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January 28th, 2018:

Weekend link dump for January 28

There’s a good case to be made that collusion is happening again in Major League Baseball.

When life hands you lemons, form an organized crime syndicate. Or something like that.

From the you can check out any time you like, but you can never leave department.

“The cities of El Paso, Texas, and Ciudad Juárez in the Mexican state of Chihuahua are considering a scheme to build an integrated binational bikeshare system between the two cities.”

Great overview of improv comedy and how that form has finally come to be more diverse in recent years.

“A lot of people occupying powerful positions in American soccer are not making a good faith attempt to recruit the best talent possible. The USMNT is not getting better. For those reasons alone, American soccer needs new leaders.”

“A new species of wasps in Florida was named after Ichiro Suzuki“.

The headphone compatibility problem we now face.

“I liked the actress who portrayed me. And I would like to say, ‘Gins-Burn!’ sometimes to my colleagues.”

“On Monday, the executive leadership of the USA Gymnastics Board of Directors — Chairman Paul Parilla, Vice Chairman Jay Binder, and Treasurer Bitsy Kelley — all announced their resignations, effective January 21.” Good riddance. Burn it all down.

RIP, Hisako Robets, co-founder with her husband of the legendary Salt Lick BBQ outside Austin.

“A watchdog group filed a pair of complaints on Monday alleging that a $130,000 payment reportedly made to a pornographic film actress who claims to have had an affair with Donald Trump violated campaign finance laws.”

RIP, Hugh Masakela, South African trumpeter, singer and activist who played with Paul Simon on the Graceland album and tour.

RIP, Ursula K. LeGuin, groundbreaking science fiction and fantasy author.

So, which religious conservative groups were targeted for infiltration by the Russians in 2016, and which ones got themselves infiltrated?

In case you were wondering what Garrison Keillor was alleged to have done.

“This might be one of the greatest examples of political performance art I’ve ever seen.”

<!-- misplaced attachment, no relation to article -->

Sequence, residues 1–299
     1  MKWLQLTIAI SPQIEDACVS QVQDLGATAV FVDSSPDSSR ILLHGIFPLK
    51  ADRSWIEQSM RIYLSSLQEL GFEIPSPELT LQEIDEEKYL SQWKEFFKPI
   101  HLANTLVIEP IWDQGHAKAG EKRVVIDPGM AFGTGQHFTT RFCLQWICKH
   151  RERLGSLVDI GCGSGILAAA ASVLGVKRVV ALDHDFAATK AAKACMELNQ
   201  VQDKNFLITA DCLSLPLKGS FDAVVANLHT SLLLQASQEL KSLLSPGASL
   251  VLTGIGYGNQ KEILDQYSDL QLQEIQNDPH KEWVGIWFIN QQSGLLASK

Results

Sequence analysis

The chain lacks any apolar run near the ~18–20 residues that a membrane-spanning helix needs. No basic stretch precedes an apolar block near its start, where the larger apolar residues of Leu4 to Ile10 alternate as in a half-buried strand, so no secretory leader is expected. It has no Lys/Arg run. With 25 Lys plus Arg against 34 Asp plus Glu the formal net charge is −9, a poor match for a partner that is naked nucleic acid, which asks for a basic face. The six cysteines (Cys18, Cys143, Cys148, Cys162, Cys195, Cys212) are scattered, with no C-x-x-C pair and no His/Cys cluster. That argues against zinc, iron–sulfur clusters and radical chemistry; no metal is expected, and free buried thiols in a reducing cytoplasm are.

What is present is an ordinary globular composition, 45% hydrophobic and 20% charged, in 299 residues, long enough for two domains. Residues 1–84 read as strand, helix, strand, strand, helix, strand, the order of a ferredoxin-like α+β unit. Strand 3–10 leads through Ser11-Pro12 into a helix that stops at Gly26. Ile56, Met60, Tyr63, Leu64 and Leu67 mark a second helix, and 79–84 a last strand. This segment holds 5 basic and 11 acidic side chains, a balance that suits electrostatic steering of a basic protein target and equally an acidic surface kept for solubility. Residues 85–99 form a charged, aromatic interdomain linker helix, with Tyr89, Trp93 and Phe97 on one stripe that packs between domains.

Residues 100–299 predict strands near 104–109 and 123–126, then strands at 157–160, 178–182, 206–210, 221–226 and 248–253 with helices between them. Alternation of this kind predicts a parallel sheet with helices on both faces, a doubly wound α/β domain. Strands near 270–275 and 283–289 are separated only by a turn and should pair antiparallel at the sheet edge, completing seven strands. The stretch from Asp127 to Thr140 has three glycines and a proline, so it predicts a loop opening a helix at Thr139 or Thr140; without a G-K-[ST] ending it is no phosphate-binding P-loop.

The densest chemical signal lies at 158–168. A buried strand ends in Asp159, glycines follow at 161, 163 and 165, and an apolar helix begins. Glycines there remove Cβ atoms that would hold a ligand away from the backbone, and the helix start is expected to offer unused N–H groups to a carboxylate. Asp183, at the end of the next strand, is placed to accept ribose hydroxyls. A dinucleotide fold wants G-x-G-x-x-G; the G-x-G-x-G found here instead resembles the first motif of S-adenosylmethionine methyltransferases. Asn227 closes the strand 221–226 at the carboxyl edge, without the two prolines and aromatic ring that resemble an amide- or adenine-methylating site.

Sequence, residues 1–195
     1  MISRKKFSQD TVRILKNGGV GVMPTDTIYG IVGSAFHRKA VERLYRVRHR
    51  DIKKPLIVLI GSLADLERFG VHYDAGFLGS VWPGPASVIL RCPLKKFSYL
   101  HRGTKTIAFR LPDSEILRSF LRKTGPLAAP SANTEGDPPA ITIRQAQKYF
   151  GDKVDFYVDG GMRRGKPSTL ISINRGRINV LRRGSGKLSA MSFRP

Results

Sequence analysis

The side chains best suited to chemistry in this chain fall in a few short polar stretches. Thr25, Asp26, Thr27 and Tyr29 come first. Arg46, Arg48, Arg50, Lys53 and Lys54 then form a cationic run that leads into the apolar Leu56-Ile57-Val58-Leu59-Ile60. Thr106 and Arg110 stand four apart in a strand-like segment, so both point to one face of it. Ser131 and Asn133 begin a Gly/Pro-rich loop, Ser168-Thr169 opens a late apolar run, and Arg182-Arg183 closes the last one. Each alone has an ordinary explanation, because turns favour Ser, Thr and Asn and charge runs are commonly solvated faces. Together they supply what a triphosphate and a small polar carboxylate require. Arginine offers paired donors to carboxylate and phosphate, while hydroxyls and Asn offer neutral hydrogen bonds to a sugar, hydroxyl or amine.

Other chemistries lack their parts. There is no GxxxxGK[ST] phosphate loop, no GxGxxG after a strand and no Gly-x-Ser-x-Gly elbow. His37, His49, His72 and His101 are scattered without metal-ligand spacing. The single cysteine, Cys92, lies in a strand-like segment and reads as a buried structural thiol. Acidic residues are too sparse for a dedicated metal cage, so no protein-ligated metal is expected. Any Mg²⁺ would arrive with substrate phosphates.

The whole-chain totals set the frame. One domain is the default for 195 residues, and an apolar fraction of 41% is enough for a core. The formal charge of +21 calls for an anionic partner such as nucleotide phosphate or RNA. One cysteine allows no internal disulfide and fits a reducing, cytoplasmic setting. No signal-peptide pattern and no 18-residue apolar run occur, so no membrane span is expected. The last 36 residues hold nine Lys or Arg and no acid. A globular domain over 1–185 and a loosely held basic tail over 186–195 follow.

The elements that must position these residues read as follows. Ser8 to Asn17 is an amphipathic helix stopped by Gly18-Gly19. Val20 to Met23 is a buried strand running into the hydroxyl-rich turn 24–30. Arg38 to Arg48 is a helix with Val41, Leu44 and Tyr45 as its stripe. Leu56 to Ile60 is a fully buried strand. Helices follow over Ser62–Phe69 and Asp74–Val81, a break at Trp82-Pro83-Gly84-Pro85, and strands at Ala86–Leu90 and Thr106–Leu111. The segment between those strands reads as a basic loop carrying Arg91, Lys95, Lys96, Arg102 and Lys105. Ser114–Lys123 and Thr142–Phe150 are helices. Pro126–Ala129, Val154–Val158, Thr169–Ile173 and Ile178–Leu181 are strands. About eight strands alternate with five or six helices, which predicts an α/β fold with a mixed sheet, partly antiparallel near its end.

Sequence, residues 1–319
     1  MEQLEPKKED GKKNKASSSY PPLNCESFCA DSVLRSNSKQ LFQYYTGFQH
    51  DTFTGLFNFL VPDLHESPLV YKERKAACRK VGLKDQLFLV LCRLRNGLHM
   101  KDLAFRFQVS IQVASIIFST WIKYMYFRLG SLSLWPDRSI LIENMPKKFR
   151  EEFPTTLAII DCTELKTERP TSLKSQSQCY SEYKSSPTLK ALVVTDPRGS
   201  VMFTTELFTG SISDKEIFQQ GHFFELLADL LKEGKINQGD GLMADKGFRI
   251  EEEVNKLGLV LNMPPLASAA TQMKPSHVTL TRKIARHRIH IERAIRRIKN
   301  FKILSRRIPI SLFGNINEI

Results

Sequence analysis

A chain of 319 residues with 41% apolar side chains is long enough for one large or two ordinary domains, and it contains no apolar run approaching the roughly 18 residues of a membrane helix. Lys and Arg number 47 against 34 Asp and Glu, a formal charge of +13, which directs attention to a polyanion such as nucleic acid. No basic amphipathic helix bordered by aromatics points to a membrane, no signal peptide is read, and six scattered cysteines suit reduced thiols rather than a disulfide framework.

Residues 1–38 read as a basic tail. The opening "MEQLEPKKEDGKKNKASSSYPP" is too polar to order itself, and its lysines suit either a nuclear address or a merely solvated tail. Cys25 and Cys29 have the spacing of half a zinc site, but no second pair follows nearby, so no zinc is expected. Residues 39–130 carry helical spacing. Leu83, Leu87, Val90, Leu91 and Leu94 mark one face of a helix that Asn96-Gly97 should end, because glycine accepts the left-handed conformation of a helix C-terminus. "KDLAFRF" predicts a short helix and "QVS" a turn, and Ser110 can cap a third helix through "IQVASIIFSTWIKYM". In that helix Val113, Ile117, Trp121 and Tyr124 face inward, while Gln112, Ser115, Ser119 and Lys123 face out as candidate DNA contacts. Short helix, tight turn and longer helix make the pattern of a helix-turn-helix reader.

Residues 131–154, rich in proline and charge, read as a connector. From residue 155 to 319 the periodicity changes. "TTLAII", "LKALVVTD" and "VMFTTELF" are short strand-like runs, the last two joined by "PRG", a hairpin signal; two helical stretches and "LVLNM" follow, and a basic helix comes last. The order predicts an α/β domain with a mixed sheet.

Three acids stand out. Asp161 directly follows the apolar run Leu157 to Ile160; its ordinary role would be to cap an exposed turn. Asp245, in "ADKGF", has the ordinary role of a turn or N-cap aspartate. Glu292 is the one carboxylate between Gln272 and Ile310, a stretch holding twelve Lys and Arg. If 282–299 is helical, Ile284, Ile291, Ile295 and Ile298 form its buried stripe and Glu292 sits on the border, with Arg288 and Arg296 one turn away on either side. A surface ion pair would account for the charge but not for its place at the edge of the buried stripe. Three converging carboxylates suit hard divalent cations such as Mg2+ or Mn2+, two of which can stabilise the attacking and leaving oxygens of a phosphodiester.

“Travel to the U.S. has been declining since Donald Trump took office, leading to a cost of $4.6 billion in spending and 40,000 jobs”.

“Harvey was the most significant tropical cyclone rainfall event in United States history, both in scope and peak rainfall amounts, since reliable rainfall records began around the 1880s.”

RIP, Mort Walker, longtime cartoonist who created Beetle Bailey and Hi and Lois, among many others.

Congressional maps from an alternate universe

FiveThirtyEight goes a little nuts.

The max Dem map

Drawing clever political districts is one way politicians in Texas and elsewhere avoid accountability — by protecting themselves from voters who disagree with them. They do this by stuffing weirdly shaped geographic districts with voters who agree with them.

A new examination of redistricting shows how effective legislators have done that nationally — and in Texas, and how changing the rules for drawing political maps could dramatically change who represents you at the state and federal Capitols.

FiveThirtyEight unleashed a fascinating series of maps for their Gerrymandering Project series Thursday as the U.S. Supreme Court considers several cases that could solidify or disrupt redistricting practices in Texas and other states. In two closely watched cases, the court is deciding whether it’s possible — as a matter of law — to draw political districts that are so partisan they strip voters of their constitutional rights.

The data-centric news site crunched the numbers and lines and devised seven different ways to draw congressional maps for all 50 states: maximizing Republican seats; maximizing Democratic seats; matching each district’s partisan lean to that of the state overall; maximizing the number of highly competitive seats; drawing the greatest possible number of seats with minority-majority populations; drawing the most compact districts possible, using a computer algorithm; and drawing the most compact districts possible while crossing county lines as few times as possible.

They also offered up a full explanation of how they did it. It’s worth noting that they make no claims as to the legality of their maps — whether federal judges would approve of either their assumptions or the results.

What’s really interesting is how each set of new rules would change the maps.

The Trib story goes on to summarize the results for Texas, but I’d say at this point you should just click over and view the maps yourself. As you can see, it is possible (among other things) to draw a map where Democrats win a majority of the seats. As I recall from way back in 2003, during the DeLay re-redistricting saga, someone – it may have been Rep. Eddie Bernice Johnson, I don’t recall and don’t feel like looking – submitted a map that would have done something similar. Some of these maps would likely be illegal, some are aesthetically unpleasing, some would leave a large number of voters feeling disenfranchised, but all are at least theoretically possible. Take a look and see what you think.

I will just add, redistricting is a multi-dimensional task. Sure, if all you care about is partisan maximization, there’s not much else to consider. But in the aspirational world of non-partisan redistricting committees, there are a number of factors to consider. Districts still have to obey the Voting Rights Act, which can lead to some odd district shapes (see, for instance CDs 18 and 33 in our current map) as neighborhoods with high levels of minority voters are stitched together to ensure compliance. Other considerations like communities of interest, compactness, and competitiveness can pull things in opposing directions. Is it better to keep cities whole as much as possible, or is it better to have more members of Congress who have constituents that live in that city? There’s room for debate. Check it out and have fun.